Sliding screen doors are wonderful during the summer months and can greatly help keep the temperature down while the bugs stay out. However, with much use, comes much abuse. These quick fixes can greatly improve the lifetime and livability of your screen door. They are quick and manageable and often require few odd tools.
In a busy household, normal wear and tear can do a number on your sliding screen door. The most normal of events being the screen becomes ripped, tattered, or gets a small hole. Fixing the hole does not need to mean replacing the entire screening, though that is an option. Using monofilament from either a craft/beading store, or fishing line you can reweave the screen together or as a patch if the hole is large. Be sure to tie the line in and leave a significant tail to reweave back through. This will anchor the knot so it doesn't come out right a way. The same is true to for the end of filament when the patch is complete.
Screen doors often put up with significant abuse and all the weather of the elements. Neglecting to clean the debris out of the track of a screen door is also very common because as priorities go, it isn't a high one. However, if the door becomes sticky or hard to close cleaning the track is an incredibly easy fix. Take the screen door off by removing the rollers from the track. Assistance removing the door and replacing it can make this process much less frustrated and more manageable depending on the door size. Slowly pop it out making sure not to bend the door frame. Use an vacuum or shop vac to remove dusty debris from the track. With an old toothbrush and some soapy water, scrub the track and the rollers. If necessary, rinse clean with a garden hose. Pop the door back into the track and it should flow smoothly. If it still seems to be a bit hard to close, you can use an old candle or two to wax the track, as well. Also, check to make sure it isn't bent slightly somewhere causing resistance.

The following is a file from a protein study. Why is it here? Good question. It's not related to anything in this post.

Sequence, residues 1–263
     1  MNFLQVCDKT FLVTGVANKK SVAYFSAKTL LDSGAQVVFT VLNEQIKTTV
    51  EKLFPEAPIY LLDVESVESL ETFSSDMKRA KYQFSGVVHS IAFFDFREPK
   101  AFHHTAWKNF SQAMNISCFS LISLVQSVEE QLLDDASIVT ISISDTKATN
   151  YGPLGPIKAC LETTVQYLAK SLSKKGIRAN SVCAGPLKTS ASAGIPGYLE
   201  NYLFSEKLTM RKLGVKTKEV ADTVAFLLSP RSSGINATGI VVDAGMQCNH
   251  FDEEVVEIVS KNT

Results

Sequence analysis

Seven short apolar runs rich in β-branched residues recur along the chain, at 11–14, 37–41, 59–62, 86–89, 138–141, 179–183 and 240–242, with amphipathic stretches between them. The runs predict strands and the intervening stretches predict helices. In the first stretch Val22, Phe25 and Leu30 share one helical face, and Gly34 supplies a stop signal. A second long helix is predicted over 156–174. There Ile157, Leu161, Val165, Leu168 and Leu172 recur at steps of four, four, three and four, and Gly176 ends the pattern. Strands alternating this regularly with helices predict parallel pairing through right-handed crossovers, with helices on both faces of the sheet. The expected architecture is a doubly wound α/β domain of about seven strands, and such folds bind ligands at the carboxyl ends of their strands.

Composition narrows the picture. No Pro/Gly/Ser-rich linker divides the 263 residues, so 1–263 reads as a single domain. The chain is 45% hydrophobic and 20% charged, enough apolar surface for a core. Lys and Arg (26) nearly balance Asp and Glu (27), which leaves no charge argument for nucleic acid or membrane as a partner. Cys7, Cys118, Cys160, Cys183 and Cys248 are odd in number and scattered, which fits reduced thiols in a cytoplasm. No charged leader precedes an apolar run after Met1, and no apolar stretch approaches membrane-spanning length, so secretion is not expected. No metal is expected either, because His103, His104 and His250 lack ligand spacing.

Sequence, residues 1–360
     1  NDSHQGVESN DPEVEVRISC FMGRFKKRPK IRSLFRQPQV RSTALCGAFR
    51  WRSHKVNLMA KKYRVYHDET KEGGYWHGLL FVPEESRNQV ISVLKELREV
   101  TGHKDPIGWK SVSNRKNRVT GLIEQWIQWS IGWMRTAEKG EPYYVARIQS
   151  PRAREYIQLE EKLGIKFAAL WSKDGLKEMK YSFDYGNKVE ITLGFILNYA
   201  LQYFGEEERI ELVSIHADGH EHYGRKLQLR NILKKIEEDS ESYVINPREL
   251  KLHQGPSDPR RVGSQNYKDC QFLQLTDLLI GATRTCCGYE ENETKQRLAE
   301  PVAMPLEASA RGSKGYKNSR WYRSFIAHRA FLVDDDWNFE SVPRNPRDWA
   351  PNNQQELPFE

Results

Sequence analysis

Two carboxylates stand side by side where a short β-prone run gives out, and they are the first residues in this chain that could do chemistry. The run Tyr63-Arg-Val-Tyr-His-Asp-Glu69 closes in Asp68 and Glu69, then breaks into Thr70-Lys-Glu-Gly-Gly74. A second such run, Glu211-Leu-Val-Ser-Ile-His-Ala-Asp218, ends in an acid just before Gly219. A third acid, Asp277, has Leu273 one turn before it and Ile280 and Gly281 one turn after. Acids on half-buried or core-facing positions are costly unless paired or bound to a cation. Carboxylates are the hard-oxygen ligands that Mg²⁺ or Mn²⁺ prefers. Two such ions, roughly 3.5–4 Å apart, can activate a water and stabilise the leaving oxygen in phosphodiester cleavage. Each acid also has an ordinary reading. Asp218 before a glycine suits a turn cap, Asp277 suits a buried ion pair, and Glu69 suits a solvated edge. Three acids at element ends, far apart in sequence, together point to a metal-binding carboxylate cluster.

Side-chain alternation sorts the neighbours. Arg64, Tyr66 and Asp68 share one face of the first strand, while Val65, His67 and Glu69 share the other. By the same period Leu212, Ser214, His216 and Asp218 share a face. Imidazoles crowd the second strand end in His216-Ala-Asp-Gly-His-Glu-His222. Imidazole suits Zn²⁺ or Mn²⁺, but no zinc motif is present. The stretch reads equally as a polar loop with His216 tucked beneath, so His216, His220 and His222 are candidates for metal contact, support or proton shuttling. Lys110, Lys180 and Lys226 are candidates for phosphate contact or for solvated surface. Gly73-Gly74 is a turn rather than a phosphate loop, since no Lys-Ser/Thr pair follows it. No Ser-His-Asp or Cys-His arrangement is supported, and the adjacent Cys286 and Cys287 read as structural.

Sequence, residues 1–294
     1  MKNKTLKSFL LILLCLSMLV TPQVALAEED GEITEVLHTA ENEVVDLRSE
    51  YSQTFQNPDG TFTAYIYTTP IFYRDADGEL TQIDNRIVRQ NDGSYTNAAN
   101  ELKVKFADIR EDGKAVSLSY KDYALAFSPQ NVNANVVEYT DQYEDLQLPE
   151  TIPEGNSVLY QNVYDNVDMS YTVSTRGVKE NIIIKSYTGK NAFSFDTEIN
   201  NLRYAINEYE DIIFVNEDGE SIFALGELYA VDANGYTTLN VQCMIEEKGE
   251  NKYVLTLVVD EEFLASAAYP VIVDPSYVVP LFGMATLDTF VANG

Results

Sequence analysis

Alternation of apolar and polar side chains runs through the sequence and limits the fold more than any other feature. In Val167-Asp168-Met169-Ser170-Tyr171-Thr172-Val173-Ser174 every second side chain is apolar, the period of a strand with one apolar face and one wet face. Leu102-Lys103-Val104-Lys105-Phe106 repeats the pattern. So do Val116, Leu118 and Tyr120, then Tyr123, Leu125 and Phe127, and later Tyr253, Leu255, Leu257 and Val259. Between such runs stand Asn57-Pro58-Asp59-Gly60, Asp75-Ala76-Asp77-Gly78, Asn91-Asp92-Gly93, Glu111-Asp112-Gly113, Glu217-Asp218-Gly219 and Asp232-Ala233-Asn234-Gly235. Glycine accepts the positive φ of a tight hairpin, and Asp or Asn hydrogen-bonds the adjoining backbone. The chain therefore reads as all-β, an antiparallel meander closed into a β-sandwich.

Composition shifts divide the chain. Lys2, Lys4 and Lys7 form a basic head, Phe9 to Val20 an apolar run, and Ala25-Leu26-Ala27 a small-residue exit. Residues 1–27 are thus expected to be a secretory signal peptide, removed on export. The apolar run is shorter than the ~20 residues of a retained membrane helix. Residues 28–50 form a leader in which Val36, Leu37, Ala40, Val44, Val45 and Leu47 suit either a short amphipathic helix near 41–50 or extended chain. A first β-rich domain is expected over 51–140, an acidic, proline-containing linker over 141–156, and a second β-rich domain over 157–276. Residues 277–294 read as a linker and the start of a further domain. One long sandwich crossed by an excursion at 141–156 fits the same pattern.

Many times with kids or pets, the screen on the door can get badly bent from being run into. This does not have to mean the end of the screen door or an expensive replacement. On most doors the track isn't as tightly fitting as a glass sliding door. If the frame can be calmly bent back into similar shape, the screen will still work. Lay the screen door down on a flat surface. Eyeball where the bend is and how extreme it appears. Hold one side of the bend in place and slowly, but firmly, bend the other end back into correct alignment. It is always better to go too slowly than too quickly because if the frame snaps, the door will need to be replaced. Using pliers to help straighten tight kinks can also be helpful.